Location: Fushimi-Inari, Kyoto, Japan, Map
There are apparently over thousand of these torii gates at the Fushimi Inari shrine and it's a wonderful experience to walk through them. Each of these torii gates has been donated to the shrine by individuals and business and their names are written on the torii pillars.
One of the biggest challenges to photograph here is to avoid the tourists crowd, so early in the morning is the best time to be here. The shrine itself is very beautiful as well but nothing beats these torii gates photographically.
Fushimi Inari shrine is also located little bit outskirts of Kyoto and city bus, for which you can buy day pass, does not go here. So train is the best option and one can get down at Fushimi train station and walk half a mile or so to reach this shrine.
I had a wonderful visit to Japan during late summer of 2013 and got to see both it's historic and modern faces. Kyoto was my destination of choice to see old temples and shrines of Japan and I focused on Tokyo to witness it's modern lifestyle. Below are a few images from the trip. I was thoroughly impressed by how well Japan's public transportation worked and how easy it was for me to visit all these places. Being mostly a vegetarian eater, I was a bit concerned about the food at first but was pleasantly surprised by abundant and excellent food choices available. Japan is a country everyone should visit at least once. There is so much to learn from it's culture and day to day life practices of Japanese people such as their approach towards conservation, food and emphasis on being polite.
Link to sites I visited
"Pigeon Point Lighthouse"
Location: Pigeon Point Lighthouse, Half-Moon Bay Area, California.
The lighthouse was built in 1871 and stands at one of the most beautiful coastlines in the world. On a cloudy I like to experiment using long exposures which not only allow me to smooth the water but also capture the wind driven motion of the clouds.
Lens: Canon EF 17-40mm f/4L @33mm
Camera: Canon 5D Mk II
Exposure: 55sec at f/11 and ISO 160
Filters: SinghRay 3 Stop ND grad rotated during exposure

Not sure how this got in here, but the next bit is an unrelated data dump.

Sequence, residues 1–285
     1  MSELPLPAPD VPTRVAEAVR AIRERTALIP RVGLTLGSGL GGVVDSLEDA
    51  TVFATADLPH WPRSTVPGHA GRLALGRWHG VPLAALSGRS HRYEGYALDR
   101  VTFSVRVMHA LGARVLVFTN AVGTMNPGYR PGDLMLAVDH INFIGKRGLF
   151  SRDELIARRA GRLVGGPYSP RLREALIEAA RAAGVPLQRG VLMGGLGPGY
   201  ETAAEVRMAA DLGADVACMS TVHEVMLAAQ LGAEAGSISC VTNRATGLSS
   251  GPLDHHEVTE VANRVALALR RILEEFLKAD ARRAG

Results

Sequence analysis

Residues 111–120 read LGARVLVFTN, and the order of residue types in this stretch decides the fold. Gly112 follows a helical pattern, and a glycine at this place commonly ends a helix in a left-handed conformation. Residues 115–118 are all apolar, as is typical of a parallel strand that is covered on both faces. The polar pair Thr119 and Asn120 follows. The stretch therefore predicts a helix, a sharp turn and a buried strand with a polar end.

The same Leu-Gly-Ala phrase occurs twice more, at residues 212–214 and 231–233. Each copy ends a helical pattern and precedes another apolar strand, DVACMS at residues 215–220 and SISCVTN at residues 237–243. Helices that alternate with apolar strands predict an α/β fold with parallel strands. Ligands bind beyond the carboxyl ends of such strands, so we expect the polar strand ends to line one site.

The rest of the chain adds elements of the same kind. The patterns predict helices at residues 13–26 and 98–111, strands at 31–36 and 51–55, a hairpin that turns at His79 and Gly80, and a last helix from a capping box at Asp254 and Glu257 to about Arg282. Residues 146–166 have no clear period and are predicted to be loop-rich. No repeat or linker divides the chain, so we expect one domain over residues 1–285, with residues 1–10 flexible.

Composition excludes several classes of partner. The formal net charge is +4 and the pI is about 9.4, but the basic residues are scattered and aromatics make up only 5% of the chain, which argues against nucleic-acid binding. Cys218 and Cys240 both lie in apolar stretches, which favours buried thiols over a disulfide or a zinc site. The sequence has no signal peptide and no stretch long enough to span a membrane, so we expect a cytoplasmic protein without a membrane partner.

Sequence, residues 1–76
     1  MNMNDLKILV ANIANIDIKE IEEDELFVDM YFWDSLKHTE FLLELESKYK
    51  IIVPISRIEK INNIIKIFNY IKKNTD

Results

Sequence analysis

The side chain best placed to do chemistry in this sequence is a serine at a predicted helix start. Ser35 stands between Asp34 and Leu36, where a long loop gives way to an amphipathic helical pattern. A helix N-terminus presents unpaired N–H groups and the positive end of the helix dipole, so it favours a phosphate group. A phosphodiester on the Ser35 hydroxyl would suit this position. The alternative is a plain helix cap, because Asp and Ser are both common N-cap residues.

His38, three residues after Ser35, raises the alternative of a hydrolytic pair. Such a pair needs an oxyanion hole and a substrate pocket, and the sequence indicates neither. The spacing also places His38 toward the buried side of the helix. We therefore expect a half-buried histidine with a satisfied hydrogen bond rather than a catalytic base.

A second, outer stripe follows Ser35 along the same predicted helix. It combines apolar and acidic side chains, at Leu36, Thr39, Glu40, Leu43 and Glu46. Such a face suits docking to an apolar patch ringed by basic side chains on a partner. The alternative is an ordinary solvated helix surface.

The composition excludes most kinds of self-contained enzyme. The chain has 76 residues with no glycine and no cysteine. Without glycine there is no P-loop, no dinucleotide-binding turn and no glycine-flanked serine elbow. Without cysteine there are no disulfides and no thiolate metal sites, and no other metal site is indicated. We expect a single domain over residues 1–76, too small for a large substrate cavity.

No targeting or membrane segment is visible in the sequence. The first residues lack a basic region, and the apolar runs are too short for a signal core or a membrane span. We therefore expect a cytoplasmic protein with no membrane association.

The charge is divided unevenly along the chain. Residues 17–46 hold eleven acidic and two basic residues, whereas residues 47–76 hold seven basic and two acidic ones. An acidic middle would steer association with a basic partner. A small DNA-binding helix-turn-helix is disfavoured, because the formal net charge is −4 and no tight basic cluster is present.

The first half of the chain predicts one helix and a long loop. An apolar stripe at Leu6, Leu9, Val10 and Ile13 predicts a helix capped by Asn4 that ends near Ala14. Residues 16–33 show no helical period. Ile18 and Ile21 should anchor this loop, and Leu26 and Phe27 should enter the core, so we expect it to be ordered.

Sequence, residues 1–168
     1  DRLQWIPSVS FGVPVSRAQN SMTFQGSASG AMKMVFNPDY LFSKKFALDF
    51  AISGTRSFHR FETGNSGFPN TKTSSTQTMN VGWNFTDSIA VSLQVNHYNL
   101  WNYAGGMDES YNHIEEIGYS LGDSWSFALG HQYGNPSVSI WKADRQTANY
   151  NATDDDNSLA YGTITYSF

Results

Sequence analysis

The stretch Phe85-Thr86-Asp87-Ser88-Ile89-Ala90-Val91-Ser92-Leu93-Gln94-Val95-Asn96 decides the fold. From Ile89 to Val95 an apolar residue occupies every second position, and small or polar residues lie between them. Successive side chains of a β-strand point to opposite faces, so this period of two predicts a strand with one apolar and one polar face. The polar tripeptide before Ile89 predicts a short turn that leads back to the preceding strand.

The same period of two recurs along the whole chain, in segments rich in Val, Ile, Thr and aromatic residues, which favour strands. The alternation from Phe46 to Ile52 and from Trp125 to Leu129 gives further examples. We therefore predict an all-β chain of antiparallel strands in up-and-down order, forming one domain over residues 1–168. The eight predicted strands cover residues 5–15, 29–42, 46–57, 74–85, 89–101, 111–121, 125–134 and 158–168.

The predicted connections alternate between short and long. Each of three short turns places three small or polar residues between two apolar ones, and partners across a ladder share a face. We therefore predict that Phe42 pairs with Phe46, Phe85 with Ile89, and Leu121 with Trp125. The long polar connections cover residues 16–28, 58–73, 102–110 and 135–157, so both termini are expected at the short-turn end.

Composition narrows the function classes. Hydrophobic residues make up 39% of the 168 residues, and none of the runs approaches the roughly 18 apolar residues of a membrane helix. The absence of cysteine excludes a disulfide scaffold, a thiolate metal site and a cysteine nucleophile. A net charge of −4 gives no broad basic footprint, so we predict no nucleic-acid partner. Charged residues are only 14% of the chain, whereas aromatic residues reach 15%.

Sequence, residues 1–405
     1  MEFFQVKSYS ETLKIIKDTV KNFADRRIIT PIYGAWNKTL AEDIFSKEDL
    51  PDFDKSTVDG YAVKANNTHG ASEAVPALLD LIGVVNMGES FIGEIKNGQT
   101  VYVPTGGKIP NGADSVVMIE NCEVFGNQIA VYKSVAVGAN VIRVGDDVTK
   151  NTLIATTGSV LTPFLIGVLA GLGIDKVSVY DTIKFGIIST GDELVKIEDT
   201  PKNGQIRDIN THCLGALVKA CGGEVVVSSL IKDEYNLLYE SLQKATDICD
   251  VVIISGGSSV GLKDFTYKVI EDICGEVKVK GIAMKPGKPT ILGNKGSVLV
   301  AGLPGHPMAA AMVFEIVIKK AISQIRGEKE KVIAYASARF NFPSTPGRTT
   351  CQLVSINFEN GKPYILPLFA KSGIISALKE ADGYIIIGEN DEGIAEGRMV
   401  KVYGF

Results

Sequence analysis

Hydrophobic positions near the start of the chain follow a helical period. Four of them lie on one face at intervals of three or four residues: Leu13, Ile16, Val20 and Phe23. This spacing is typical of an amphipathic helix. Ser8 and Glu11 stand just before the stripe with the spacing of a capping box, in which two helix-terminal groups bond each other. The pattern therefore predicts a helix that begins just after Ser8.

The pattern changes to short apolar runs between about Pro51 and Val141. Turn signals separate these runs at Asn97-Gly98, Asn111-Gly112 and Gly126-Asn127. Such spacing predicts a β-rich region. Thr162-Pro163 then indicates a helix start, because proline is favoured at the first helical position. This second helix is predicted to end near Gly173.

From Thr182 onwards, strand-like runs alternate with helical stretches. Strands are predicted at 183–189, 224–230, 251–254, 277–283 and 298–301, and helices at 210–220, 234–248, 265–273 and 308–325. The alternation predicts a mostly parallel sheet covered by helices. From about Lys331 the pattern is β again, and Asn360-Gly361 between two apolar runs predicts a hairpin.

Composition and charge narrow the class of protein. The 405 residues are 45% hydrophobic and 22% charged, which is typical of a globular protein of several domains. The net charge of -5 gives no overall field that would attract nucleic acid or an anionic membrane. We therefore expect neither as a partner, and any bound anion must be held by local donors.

The water here can come out overexposed. By rotating ND filters this can be minimized. Another technique is to simply block the light using an opaque object.
Location: Dusy Basin, Kings Canyon Backcountry, California.
These are some of the highest mountains in the Seirra Nevada range, next only to majestic Mt. Whitney. I captured this image while camping at scenic Dusy Basin. The backcountry hike to Dusy Basin is one of the most scenic hikes to do in eastern sierra mountains. The dusy, as a final destination, offers fantastic views of the sierra mountains and pristine quietness that is hard to find anywhere else.
Making this particular image was an interesting adventure. We had planned a two day hike and it was raining on and off all the time. When we reached here it was raining again and I thought I would miss any opportunity to photograph here. Then clouds opened up giving me a brief window of about an hour when I could get this image. I was happy that the clouds were still in the sky while opening up just a bit to allow sunlight to shine on the peaks.
Lens: Canon EF 17-40mm f/4L @ 26mm
Camera: Canon EOS 5D Mk II
Exposure: 5sec at f/16 and ISO 50
Filters: LEE ND Grads 0.9 soft edge along with Singh-Ray Vari ND solid grad set at about 8 sopts to allow long exposure
One has to really visit eastern sierra landscapes to truly appreciate its beauty. I don't think any photograph can do the justice of what it feels to hike on barren landscapes, camp besides some of the most scenic lakes and feel out of breath at high altitudes. Over the years I have had a few chances to hike on eastern sierra mountains including Mt. Whitney, but only recently I began to photograph it. So here are few images from one of the most unique places on the Sierra-Nevada mountain range.